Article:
We can observe, on the left, a GitHub issue thread corresponding to a submission. The submission has
Every time an issue is created or updated with a new comment, information about that event is sent to the central app via a webhook. There on Heroku, if the comment corresponds to a registered command, actions (the formerly tedious steps 🙂) are made accordingly. Possible actions include filling an Airtable base via Airtable API, launching an external software check on a plumber API, inviting the author to the ropensci GitHub organization, posting a comment back into the GitHub issue thread with some results or confirmation.
How does one achieve this?
Follow Buffy installation instructions.
ropensci. The organization does not have to be where the review repository also lives.
As mentioned in the docs, at this stage in your test review repository you can write the following comment (replace the username with your bot account username)
What if it does not work?
Now comes the time to adapt your Buffy version to your needs! Good news: you can keep doing this forever depending on how your needs evolve. Bad news: you will keep doing this forever as you’ll always see opportunities for improvement. 😉
To configure your Buffy installation you will be making changes in these places
/config/settings-production.ymlfile of the branch of your buffy fork;
.github/ISSUE_TEMPLATE) or PR templates (
.github/PULL_REQUEST_TEMPLATE) and buffy templates
.buffy/templatesof your review repository (or repositories, if you created a test review repository for experimenting with Buffy, which we’d recommend). Indeed, issue or PR templates will contain placeholders/wrappers for HTML variables like
<!--editor--> <!--end-editor-->– otherwise the bot won’t be able to fill this information. buffy templates are for comments you will want the bot to post, for instance, a checklist at the end of the review process.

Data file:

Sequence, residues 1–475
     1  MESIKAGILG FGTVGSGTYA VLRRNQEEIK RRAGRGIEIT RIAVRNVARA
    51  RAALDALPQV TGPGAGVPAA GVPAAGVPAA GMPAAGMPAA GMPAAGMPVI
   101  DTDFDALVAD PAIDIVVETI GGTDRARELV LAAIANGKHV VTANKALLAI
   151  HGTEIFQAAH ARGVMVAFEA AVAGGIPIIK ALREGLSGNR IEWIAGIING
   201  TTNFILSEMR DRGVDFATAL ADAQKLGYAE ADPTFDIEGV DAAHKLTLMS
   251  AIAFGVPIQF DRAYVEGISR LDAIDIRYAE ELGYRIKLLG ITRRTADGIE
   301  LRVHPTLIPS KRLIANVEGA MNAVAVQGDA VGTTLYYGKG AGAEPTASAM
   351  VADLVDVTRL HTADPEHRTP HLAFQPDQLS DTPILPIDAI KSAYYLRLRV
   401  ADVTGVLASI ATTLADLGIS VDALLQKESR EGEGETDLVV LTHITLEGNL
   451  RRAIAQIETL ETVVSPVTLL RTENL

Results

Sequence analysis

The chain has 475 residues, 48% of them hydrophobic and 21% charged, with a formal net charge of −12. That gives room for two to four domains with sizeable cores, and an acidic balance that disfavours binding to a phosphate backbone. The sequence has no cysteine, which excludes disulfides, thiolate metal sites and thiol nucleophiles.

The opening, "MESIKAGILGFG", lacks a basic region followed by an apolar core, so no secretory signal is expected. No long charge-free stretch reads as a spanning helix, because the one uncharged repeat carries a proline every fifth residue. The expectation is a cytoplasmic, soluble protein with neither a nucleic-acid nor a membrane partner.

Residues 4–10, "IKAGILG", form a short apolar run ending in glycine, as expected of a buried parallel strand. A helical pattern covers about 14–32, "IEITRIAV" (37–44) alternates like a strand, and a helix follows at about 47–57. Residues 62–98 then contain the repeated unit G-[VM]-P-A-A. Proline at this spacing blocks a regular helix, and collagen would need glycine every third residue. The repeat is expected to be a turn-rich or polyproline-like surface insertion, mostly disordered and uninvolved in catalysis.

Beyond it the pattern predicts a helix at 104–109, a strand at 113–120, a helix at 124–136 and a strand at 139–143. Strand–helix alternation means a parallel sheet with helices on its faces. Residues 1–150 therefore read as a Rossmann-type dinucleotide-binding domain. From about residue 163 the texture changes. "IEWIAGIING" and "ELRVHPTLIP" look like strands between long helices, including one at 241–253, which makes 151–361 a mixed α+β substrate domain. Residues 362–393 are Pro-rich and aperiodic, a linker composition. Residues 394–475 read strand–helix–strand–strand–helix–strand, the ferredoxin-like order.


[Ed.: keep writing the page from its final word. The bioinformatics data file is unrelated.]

Follow Buffy docs on configuration.
You will be adding (registering) responders by adding them to the YAML file
/config/settings-production.yml, with subfields indicating some options.
For instance, you might want to use the “assign editor” responder to store the editor username in the issue comment without assigning the issue to them so you’ll set
You’ll find responders and their parameters in Buffy docs. You can also check out the readthedocs website of rOpenSci’s version of Buffy in case some of our custom responders are relevant for you (they are at the bottom of the list, with rOpenSci in front of their name).
After each responder addition or configuration, try it out by creating issues (or pull requests if that’s your process) and typing comments in them. If it works, you will be convinced you have added one feature to your system, congratulations!
Afterward, the feature should be officially released by telling actors of your system about it. In our case, we wrote announcements in the slack channel we have for editors, and we updated our dev guide. Updating guidance is particularly rewarding as bot commands typically replace lines of tedious task descriptions. 😁
In this post, we presented the editorial bot generator Buffy. We hope to make it easier for you to choose whether to adopt it for your own submission system and to know how to adopt it. The costs linked to Buffy usage are:
In our experience, adopting Buffy has been worth it as once it’s well adopted, it
Feel free to comment with any questions you might have about Buffy!